buy a home

Request An Appraisal Waiver When Purchasing A Home

Request An Appraisal Waiver When Purchasing A Home

Request an appraisal waiver when purchasing a home, can help you win in this competitive market. I was showing my sister homes and we had lost on a previous offer to cash. We found another property and they had to write an offer well over the list price. They called their lender to ask if the appraisal could be waived. We were not in contract yet. My sister was putting 20% down and having to make up the price difference between offer and list price. They called their lender and asked to run the automated loan approval with an appraisal waiver.

The lender ran it through both Freddie and Fannie. Freddie said yes no appraisal needed, 12 offers and we won! We are all so happy for Cat and Greg. Having an appraisal waiver can help to compete against cash offers.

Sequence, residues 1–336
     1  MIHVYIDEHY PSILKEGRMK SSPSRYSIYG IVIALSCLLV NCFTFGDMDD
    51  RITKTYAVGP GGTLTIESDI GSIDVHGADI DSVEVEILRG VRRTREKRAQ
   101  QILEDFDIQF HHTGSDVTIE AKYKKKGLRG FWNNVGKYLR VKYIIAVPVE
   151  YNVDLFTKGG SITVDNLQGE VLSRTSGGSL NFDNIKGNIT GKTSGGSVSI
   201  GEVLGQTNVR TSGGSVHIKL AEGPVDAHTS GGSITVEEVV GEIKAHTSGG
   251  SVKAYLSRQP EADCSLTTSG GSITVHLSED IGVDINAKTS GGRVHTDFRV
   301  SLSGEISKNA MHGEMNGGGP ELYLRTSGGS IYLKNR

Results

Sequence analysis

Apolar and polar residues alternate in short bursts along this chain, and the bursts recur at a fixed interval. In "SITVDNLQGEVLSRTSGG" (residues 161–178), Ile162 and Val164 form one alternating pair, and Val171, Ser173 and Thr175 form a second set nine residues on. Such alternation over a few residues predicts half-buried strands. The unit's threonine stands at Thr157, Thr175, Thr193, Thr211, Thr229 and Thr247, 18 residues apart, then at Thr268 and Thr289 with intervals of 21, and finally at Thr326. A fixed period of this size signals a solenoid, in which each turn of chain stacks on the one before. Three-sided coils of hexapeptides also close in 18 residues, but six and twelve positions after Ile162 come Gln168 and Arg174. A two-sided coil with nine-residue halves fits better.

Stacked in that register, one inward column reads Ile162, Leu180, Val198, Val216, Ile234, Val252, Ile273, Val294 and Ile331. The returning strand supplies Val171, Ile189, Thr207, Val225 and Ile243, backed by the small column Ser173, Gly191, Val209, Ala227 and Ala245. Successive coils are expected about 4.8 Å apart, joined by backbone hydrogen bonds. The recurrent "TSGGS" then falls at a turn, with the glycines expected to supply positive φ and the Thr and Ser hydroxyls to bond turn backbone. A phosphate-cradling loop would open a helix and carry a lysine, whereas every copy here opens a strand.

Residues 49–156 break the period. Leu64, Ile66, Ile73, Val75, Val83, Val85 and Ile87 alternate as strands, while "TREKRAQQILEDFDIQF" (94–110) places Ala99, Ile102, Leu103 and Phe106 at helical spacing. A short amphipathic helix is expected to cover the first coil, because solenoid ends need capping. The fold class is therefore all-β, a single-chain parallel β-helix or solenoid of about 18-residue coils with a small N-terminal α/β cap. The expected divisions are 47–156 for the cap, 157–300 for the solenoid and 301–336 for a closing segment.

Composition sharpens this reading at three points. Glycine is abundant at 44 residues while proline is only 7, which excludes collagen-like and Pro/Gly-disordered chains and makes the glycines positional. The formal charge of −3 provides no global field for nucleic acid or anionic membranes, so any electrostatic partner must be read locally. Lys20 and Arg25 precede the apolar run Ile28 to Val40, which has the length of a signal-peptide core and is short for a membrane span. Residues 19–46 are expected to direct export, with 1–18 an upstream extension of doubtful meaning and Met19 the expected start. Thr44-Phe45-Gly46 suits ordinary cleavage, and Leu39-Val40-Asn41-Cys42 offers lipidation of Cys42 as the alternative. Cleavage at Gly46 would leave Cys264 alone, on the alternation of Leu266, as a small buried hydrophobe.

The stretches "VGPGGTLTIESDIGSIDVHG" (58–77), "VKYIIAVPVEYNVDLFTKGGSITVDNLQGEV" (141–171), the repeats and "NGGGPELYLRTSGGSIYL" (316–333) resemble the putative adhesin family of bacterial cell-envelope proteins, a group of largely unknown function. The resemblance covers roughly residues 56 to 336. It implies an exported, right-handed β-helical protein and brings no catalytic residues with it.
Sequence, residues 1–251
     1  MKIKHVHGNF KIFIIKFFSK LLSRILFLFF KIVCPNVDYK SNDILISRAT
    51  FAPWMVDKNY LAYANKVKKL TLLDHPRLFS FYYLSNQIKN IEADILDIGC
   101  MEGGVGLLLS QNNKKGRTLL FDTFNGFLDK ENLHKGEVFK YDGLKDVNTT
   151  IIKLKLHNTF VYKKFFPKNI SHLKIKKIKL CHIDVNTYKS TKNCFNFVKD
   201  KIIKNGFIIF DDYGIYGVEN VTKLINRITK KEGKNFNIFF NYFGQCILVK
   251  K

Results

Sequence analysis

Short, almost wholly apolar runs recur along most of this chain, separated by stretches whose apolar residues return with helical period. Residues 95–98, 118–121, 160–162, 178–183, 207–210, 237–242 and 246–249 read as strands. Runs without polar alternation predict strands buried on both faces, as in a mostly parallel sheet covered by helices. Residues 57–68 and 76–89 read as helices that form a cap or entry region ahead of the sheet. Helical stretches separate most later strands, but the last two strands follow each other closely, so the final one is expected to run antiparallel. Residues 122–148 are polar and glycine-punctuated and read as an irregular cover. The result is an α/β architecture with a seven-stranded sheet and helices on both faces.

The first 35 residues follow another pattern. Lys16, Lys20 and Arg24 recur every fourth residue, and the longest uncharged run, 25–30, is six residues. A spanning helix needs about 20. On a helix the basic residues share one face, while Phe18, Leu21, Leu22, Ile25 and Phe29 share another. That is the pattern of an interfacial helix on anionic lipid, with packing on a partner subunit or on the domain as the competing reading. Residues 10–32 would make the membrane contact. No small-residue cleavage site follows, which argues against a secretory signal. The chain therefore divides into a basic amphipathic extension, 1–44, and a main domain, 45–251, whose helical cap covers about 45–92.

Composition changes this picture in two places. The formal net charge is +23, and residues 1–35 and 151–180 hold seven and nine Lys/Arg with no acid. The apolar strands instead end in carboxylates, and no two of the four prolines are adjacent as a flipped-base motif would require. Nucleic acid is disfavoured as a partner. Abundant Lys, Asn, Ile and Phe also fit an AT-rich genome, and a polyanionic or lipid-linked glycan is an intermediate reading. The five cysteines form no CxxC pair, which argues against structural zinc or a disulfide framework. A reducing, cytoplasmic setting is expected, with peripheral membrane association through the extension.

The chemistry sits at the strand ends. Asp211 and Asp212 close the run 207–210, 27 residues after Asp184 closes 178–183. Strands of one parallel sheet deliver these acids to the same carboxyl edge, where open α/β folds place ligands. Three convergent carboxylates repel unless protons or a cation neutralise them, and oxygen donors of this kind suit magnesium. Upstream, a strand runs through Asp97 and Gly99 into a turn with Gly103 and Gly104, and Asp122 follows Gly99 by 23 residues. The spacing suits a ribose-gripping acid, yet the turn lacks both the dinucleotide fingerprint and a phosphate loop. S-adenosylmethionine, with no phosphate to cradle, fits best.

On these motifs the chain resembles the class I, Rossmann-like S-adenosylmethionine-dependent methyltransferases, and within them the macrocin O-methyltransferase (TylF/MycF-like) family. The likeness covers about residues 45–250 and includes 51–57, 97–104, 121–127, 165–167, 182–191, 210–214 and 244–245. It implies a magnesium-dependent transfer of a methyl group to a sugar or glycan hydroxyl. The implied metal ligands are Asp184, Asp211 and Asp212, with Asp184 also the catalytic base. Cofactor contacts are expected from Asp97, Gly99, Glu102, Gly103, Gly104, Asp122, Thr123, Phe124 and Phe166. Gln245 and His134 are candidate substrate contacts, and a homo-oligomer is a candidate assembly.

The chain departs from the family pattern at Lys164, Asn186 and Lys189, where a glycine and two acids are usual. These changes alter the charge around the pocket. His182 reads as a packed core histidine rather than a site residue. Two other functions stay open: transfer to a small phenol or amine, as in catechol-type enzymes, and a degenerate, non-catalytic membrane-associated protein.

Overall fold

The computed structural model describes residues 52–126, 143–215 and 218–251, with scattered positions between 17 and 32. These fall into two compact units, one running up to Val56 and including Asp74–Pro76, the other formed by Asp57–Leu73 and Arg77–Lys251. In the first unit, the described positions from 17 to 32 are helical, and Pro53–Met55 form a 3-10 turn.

The loan was approved today and inspections completed yesterday, so far all going so well. Thinking out of the box in this climate is what helps an offer to win. If you want to potentially win in the multiple offer market,  request an appraisal waiver when purchasing a home. Call Weintraub & Wallace Realtors. We can be reached at RE/MAX GOLD, Sacramento, and Elk Grove offices, 916-233-6759

 

— JaCi Wallace

JaCi Wallace

Get a Real Estate License To Buy A home

Real Estate License

This post below, A Real Estate License Won’t Help You to Buy a Home was written in 2012 by my partner Elizabeth Weintraub and is still very relative today. Because the market is strong, every Tom, Dick and Harry wants to get a real estate license. Enjoy.